From ENS, word of a trend in Blue Book reports: everyone wants to do something about perceived structural liabilities and inequities, “from the over-arching to the extremely specific.”
The 77th meeting of the Episcopal Church’s General Convention is being asked to sift and winnow a variety of answers to the question of what to do about the Episcopal Church’s structure that, as one group says, it “no longer needs, nor can it afford.”
At least nine of the committees, commissions, agencies and boards (CCABs) of convention touch on the issue in their Blue Book reports. The comments and proposed solutions range from the over-arching to the extremely specific.
Some, but not all, of those nine CCABs have supplemented their comments with resolutions (designated by the letter “A”) meant for convention to consider when it meets July 5-12 at the Indiana Convention Center in Indianapolis, Indiana, in the Diocese of Indianapolis. (Legislative committee hearings and some other convention activities begin July 4.)
The CCABs are not the only groups weighing in about how the Episcopal Church should change. Resolutions may also be submitted to convention by three other groups: bishops (B resolutions), dioceses (C resolutions) and deputies (D resolutions), and at least 29 of the church’s 110 dioceses have already filed resolutions about the church’s future structure.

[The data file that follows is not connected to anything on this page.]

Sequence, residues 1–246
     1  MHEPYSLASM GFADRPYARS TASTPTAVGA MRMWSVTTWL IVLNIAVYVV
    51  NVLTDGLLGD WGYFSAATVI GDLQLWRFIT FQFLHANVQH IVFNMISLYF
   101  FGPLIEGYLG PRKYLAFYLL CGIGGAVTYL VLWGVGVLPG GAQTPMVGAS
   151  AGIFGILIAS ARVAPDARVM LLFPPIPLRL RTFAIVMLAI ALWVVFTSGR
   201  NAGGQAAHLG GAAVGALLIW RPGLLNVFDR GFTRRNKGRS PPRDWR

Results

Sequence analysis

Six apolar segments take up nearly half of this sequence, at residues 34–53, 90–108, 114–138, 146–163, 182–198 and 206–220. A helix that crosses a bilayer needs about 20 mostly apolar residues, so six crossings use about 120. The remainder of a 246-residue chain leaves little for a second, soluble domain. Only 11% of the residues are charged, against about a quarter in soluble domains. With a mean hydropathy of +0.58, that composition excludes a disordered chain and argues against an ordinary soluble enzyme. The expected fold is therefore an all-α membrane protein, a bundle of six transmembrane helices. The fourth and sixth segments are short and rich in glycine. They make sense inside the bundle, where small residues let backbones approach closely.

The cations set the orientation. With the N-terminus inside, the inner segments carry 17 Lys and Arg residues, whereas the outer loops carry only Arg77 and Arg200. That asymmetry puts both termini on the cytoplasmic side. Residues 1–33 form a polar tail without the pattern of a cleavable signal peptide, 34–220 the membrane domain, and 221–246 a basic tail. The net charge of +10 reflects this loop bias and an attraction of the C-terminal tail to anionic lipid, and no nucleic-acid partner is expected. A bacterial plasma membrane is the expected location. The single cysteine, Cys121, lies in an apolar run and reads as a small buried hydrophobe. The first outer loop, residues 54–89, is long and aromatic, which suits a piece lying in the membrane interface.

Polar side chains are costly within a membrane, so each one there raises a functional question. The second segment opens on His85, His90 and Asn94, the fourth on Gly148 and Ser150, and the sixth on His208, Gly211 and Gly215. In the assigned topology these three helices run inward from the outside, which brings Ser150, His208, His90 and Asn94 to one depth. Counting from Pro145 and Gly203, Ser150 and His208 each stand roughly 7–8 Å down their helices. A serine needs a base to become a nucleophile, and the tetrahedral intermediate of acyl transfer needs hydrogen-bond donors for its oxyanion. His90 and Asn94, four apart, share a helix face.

Many of those diocesan resolutions are based on a model resolution suggested to the House of Bishops in September by Bishop Stacy Sauls, a member of the house who is also the church’s chief operating officer. (A video version of Sauls’ presentation about structural change, made as he presented it to Episcopal Church Center staff, is here).
The model resolution would have convention call for a special commission appointed by the presiding bishop and the president of the House of Deputies to present to a special meeting of General Convention before the 78th General Convention in 2015 “a plan to the church for reforming its structures, governance, administration, and staff to facilitate this church’s faithful engagement in Christ’s mission….”
Sauls told the church’s Executive Council at its April 18 – 20 meeting that he wants to talk with the council and the church “about putting everything on the table and rebuilding the church for a new time that has no precise historical precedent.” He added that he wants to talk to council “not about the panic of our declining numbers but about how we strengthen what is working best out there and make what is strong stronger so that the strong can serve the less-than-strong.”